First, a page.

One day I was working with a fourteen-year-old Guatemalan girl, who I will call Cynthia, who was suffering from a rare form of psychosis. Although her family lived far from the treatment facility where I worked at the time, I decided to take the long ride to interview the Spanish-speaking mother, who I will call Maria, and to meet Cynthia’s siblings.
I finally reached the dirt road that led to the vineyard where her father was employed and where they lived in a large, rambling house. I was trying to explain the clinical aspects of Cynthia’s disorder to her mother Maria and obtain her consent to treat her daughter with psychotropic medication.
I found that, although I was greeted with hospitality and the family regarding me with sort of a curious friendliness, I wasn’t getting very far with my explanation in the best Spanish I could muster up. Finally, I asked the Maria about the outset of her Cynthia’s disease.
Her answer threw me off. She went right from the medical to the mystical. She said Cynthia’s break from reality occurred when Maria heard “La Llorna” wailing by the river during the night. I did not know what she was talking about and, worse, thought that her daughter had inherited some form of schizophrenia from the mother.
Finally, I took leave of their home and drove back to the facility where I worked. I asked a trusted Hispanic coworker what was this “La Llorna” stuff. She explained it was a popular myth in Latin America with many versions. One version tells of a woman who drowned her offspring in order to be with the man she loved. When she died, she was not granted entrance into heaven until she returned to earth to find her children. She can be heard at night crying by the water, weeping for her lost children.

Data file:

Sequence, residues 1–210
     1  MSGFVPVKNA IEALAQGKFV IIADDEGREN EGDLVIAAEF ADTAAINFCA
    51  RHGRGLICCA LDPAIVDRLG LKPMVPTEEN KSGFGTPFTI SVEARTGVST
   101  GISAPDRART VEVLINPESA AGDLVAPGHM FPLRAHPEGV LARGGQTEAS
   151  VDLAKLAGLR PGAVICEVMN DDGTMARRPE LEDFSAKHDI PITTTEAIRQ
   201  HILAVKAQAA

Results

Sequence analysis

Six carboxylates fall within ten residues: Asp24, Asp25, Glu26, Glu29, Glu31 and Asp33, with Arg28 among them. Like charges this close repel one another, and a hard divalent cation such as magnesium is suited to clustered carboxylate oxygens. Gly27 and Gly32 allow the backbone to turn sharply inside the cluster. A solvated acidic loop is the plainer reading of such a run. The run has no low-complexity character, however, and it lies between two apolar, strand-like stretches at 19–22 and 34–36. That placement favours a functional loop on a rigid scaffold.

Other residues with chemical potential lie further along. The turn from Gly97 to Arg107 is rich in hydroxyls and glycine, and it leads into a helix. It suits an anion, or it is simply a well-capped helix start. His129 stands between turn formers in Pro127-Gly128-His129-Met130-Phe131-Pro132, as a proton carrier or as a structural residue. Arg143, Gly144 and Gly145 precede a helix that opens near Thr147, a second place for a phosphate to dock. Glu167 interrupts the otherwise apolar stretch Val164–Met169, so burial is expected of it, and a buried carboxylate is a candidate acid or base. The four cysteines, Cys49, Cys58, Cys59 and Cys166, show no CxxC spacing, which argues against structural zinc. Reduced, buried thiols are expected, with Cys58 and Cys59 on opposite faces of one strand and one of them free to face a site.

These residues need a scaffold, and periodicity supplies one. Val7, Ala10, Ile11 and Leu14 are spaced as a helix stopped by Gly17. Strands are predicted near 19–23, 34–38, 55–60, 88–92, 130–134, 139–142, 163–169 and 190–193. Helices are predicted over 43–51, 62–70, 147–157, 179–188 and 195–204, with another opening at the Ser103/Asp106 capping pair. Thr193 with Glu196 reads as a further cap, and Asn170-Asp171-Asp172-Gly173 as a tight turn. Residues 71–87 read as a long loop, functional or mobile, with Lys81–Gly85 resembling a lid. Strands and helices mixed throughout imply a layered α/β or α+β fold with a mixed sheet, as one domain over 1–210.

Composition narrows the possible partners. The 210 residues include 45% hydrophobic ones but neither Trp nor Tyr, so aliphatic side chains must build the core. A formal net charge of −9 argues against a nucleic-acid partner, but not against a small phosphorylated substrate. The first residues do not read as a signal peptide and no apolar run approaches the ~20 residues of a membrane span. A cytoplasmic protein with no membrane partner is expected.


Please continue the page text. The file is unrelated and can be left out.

Maria too had lost her daughter -- to mental illness. Cynthia had completely changed from the bright and cheerful girl she had been. Her prognosis to return to health was at best guarded.
I returned to the family home with a new sensitivity and compassion. Maria agreed to allow her daughter to take medication and Cynthia was able to return on a schedule of home visits to her be with her family.
We live in a wonderful culturally diverse world. Not everyone sees it that way. La Llorna’s wailing penetrates the darkness where sixty-nine youth were killed at a youth camp in Norway; where nineteen children under the age of six were massacred in the bombing of the Oklahoma Federal Building; or where approximately 20% of the total population of the country’s children in Rwanda fell victim to the gun and machete.